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Constitutional Law I
St. Johns University School of Law
Ross, Catherine J.

Con Law Outline Spring 2012  Professor Catherine Ross
Friday, March 16, 2012
2:06 PM
  I.            Standards of Review
                   a.            3 standards
         §   Rational basis test (lowest level of scrutiny)
             §   Means that the law will be upheld if the law is related to any rational legitimate governmental interest
             §   Has to be a minimal rational relationship between the means chosen by the government and the state objective
             §   Will fail if no legitimate purpose or it doesn't reasonable promote the interest
             §   Burden is on the individual who is attacking the government action to persuade the court that the action is unconstitutional
             §   Outcome-Almost always upheld
§  Intermediate scrutiny
§  Applies to only a few areas (gender discrimination and illegitimacy, and expressive conduct such as symbolic speech and commercial speech)
§  Goal has to be important
§   Means must be substantially related
§  Strict scrutiny (hardest)
§  Objective must be a compelling interest (heaviest kind of interest)
§  Means must be necessary to achieve that compelling end.
§  Has to be narrowly drawn
§  Burden is on the government to prove that the action is constitutional
§  Outcome-Almost always struck down
II.            Judicial power Article III- Supreme Court's Authority and Federal Judicial Power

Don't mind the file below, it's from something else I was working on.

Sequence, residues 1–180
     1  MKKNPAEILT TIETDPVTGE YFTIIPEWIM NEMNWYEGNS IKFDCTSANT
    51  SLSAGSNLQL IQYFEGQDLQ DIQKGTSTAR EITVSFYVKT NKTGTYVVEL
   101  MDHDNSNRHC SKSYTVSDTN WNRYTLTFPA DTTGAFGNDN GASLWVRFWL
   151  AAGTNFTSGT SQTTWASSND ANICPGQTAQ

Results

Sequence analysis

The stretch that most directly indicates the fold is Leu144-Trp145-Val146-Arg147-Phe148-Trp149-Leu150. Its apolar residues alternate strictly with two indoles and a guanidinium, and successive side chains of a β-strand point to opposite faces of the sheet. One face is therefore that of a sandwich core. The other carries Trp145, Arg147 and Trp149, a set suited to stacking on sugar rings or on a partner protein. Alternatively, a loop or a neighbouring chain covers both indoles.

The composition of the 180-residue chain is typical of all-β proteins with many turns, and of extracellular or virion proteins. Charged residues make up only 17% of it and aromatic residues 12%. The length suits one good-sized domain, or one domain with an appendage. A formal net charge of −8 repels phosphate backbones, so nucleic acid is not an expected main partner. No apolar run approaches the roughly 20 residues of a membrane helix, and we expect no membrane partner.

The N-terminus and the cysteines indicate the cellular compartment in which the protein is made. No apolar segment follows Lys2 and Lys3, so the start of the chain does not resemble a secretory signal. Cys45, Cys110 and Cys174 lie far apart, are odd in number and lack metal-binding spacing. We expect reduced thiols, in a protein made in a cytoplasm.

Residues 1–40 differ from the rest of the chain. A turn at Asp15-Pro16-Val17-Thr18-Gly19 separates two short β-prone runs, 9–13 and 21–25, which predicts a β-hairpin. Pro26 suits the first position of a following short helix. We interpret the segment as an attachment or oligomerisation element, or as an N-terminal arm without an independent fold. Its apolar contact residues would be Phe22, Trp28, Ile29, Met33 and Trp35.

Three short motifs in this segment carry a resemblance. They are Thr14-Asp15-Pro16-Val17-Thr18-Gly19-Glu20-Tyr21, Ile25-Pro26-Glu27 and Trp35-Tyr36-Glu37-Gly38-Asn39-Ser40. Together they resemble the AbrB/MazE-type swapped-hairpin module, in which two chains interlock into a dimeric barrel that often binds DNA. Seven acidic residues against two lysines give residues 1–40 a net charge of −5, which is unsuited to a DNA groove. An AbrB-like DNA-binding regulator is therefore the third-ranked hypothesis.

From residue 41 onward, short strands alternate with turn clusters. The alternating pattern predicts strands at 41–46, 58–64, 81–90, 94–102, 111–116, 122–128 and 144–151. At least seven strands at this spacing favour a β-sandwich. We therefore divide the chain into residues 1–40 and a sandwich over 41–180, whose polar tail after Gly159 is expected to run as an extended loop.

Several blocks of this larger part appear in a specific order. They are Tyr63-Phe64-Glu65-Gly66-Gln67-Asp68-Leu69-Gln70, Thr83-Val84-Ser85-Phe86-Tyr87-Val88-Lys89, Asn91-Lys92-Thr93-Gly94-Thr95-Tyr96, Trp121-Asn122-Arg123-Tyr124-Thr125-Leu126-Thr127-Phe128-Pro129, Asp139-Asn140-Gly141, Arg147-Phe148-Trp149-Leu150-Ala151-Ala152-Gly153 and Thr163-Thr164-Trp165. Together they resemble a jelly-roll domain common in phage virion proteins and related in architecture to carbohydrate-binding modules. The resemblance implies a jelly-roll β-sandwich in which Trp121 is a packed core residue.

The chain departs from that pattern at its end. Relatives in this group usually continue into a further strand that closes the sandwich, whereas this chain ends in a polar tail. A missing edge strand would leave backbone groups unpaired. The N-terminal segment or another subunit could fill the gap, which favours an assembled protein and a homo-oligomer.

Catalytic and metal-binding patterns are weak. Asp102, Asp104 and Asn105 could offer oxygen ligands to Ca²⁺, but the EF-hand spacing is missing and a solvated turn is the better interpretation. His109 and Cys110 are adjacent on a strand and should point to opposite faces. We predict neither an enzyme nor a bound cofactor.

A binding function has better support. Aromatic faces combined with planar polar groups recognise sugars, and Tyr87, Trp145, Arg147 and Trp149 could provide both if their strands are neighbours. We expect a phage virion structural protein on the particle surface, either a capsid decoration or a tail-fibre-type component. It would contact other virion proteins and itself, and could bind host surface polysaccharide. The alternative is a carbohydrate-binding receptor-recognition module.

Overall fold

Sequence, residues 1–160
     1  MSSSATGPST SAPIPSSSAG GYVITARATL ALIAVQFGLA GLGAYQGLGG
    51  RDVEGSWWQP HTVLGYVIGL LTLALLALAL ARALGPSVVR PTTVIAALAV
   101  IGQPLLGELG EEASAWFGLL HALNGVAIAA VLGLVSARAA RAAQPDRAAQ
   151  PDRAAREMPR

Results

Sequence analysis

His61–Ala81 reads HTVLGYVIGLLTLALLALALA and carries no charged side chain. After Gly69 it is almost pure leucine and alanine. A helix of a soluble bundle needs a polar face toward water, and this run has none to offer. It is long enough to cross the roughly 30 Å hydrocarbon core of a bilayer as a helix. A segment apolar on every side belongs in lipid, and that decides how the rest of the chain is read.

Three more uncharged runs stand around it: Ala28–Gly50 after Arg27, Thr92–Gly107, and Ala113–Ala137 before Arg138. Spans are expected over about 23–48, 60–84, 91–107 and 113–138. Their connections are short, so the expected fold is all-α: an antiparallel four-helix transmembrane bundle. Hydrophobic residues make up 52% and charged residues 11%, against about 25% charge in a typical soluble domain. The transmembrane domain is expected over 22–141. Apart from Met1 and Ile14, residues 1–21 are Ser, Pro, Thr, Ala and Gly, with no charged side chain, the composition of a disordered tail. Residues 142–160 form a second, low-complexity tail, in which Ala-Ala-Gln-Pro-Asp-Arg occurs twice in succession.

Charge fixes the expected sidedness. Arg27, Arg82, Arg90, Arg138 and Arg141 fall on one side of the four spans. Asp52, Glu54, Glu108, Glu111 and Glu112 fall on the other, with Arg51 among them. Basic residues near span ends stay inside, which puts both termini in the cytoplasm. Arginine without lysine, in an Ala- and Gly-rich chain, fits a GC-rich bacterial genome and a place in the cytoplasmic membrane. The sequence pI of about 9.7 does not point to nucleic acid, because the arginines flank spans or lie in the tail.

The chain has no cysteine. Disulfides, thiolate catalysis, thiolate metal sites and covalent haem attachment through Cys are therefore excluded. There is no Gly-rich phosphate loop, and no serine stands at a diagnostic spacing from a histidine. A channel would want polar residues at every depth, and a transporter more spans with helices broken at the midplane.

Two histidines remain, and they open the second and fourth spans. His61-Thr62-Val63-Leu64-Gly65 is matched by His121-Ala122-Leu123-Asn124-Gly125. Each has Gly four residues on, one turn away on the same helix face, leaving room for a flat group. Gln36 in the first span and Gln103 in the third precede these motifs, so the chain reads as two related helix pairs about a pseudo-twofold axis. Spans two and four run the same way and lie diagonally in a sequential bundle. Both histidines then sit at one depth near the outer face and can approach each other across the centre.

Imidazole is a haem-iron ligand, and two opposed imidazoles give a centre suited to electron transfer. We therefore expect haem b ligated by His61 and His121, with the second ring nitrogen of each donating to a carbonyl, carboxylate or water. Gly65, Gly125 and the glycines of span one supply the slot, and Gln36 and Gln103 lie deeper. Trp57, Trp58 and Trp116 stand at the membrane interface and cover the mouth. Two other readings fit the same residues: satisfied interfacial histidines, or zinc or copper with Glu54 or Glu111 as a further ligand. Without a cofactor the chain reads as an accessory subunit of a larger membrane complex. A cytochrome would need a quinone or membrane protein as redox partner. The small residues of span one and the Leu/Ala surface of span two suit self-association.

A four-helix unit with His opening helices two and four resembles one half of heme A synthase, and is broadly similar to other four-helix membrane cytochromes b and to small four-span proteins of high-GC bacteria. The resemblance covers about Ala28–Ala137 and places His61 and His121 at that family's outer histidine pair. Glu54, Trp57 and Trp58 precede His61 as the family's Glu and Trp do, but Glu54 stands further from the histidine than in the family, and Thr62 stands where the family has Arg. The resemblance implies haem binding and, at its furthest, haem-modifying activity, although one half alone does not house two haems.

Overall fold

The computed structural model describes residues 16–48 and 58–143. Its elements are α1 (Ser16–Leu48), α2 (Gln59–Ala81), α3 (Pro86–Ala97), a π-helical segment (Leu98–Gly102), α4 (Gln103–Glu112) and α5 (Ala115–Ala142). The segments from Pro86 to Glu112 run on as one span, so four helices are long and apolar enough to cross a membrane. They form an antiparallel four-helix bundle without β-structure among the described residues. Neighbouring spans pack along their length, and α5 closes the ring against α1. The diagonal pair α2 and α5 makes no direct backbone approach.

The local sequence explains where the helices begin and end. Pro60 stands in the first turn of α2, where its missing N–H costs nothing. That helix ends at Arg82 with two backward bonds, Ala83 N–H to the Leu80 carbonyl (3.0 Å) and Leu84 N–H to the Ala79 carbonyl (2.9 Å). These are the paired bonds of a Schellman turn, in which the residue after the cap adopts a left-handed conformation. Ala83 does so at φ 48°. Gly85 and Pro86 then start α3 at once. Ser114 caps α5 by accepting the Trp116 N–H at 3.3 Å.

1.            Who interprets?
                                                                         a.            Marbury v. Madison- It is emphatically “the province and duty of the judicial department to say what the law is”.  The court must make the determination whether an act of Congress is in conflict with the Constitution.
                                                                                             ·Arguments for
                                                                                                             1.      The constitution imposes limits on government powers and that these limits are meaningless unless subject to judicial enforcement.
                                                                                                             2.      Inherent to the judicial role to decide the constitutionality of the laws that it applies
                                                                                                             3.      The courts authority to decide cases arising under the Constitution implied the power to declare unconstitutional laws conflicting with the basic legal charter
2.       Review of state court decisions (state law and actions of state officials)
·         Cooper v. Aaron
·         Facts: a federal court ordered the desegregation of public schools in Little Rock, Arkansa

                           b.            Two ways to avoid being an advisory opinion
                                                                                             i.Must be an actual dispute between 2 adverse litigants
                                                                                           ii.Must be a substantial likelihood that a judicial decision in favor of claimant will bring about some change or effect
3.       Judiciability
·         Cases that are non-judiciable (cases that courts should not issue decisions on) should be dismissed at the outset or as soon as the court learns of a judiciably issue
·         Doctrine of judiciability has  3 prongs
·         Standing
·         P must have a concrete personal injury and a legal right
·         Must assert an injury that the court deems sufficient
·         Summers v. Earth
·         Must show a concrete injury by at least one corporation to bring the law suit
·         Couldn't find standing, why?
·         Didn't find concrete injury
·         Weren't specific enough as to who suffered the injury in the group